Schenectady’s Alco museum set to debut in new home
AMSTERDAM When American Locomotive Co. locomotives roared west carrying passenger coaches out of Schenectady in the early 20th century, their first stop was Amsterdam.
The Alco Historical and Technological Society and its Heritage Museum exhibits are also heading west to the Rug City for yet another grand opening at the Walter Elwood Museum on Church Street, from 10 a.m. to 4 p.m. Saturday. The Alco exhibits will take up one large room at the Elwood, which enjoyed its own reopening in October, having had to move out of Guy Park Manor due to the flooding from Tropical Storm Irene in August 2011.
“In an absolutely perfect world we would have a spot at the original Alco site in Schenectady,” said Alco Historical and Technical Society President Matt Giardino. “It would be nice to be in Schenectady, but this isn’t a perfect world and we our broadening our horizons. We had to open things up to another location and Amsterdam was the place that stepped forward. The people at the Elwood Museum have been great, and they’ve been through their own share of moving and leaving their original home.”
The Alco museum opened on Maxon Road Extension in Schenectady in June 2012 and remained open until October. That location had rail access, but renting the large building was cost prohibitive and the museum never had its planned reopening in the spring of 2013.
“We just couldn’t find a way to fund it,” explained Giardino. “It became too expensive. But we have worked through some internal issues and we believe this situation at Elwood is going to work for us for the foreseeable future.”
While the Alco exhibit will include the 7-foot-long wooden model of the Hudson made in 1934 by steam locomotive designer Charles Lester of Niskayuna, there are some artifacts that are just too big for the new space. The M-47 tank, an Alco parade vehicle and an Alco FA locomotive cab that the group hopes will become a simulator are all in storage.
Most of the interpretive panels that were at the Maxon Road Extension facility will be at the Elwood Museum, along with a new exhibit called “Collaboration to Competition,” detailing the early relationship between the Erie Canal and the railroad.
“When railroads were first built in New York they weren’t meant to compete with the canal,” said Rotterdam’s Dave Gould, who is the society’s historian. “They were meant to enhance canal traffic, especially between Albany and Schenectady. It was quite a trip to go from Albany to Waterford, and then through all the locks between Waterford and Schenectady. To avoid all those locks, they built the first railroad.”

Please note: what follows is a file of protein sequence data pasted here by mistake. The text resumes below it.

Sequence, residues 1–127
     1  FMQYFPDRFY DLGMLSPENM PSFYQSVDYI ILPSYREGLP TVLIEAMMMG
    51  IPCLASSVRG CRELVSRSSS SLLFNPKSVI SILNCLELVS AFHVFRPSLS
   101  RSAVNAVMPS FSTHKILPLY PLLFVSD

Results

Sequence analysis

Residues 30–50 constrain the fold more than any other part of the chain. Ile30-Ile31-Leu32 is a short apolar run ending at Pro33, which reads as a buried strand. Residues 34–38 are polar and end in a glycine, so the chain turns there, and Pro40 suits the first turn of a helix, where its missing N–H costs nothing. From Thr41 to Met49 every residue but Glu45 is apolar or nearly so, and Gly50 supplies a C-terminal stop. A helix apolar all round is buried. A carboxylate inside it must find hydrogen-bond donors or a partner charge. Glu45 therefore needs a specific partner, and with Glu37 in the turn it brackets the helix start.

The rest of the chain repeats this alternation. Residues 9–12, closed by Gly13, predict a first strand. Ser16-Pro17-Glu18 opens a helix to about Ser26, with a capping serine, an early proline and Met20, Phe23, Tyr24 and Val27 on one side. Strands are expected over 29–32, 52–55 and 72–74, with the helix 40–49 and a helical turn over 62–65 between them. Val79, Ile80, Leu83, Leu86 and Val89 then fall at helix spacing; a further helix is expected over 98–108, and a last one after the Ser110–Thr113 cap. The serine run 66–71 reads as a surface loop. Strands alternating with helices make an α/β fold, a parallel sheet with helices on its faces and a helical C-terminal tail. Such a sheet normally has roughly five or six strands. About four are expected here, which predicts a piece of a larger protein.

The exhibit will eventually travel around the state to different groups, including the Schenectady County Historical Society, the Erie Canal Museum in Syracuse and the Erie Canal Discovery Center in Lockport.
Amsterdam city Historian Robert Von Hasseln, who is also director of community and economic development for the city of Amsterdam, is happy to see the Alco presence at the Elwood Museum.
“We’re all pleased to have it here and while it might be more appropriate in Schenectady, we think it might grow into something like a Mohawk Valley transportation museum in the future,” he said. “In the meantime, it’s a wonderful partnership between the Walter Elwood Museum and the Alco group.”
While the museum doesn’t have rail access, there is a section of the old Amsterdam, Chuctanunda and Northern Railroad that runs through that section of the city.
“That railroad left the New York Central line just east of the city and headed up through that area right in that vicinity,” said Von Hasseln. “The old track is right behind the museum. There are some gaps in that branch, but you could lay down some temporary tracks. It’s actually a very good location.”
Gould likes Von Hasseln’s enthusiasm, but at this point the Alco group isn’t thinking that far ahead.
“It’s a good thought, and I’m pleased that he’s happy we’re coming,” Gould said of Von Hasseln’s comments. “But something like a Mohawk Valley museum is beyond our stated purpose. We’re focused on the social and technical history of Alco in Schenectady. A Mohawk Valley museum about transportation is something I would personally be very interested in, but that’s not something we’re thinking about right now.”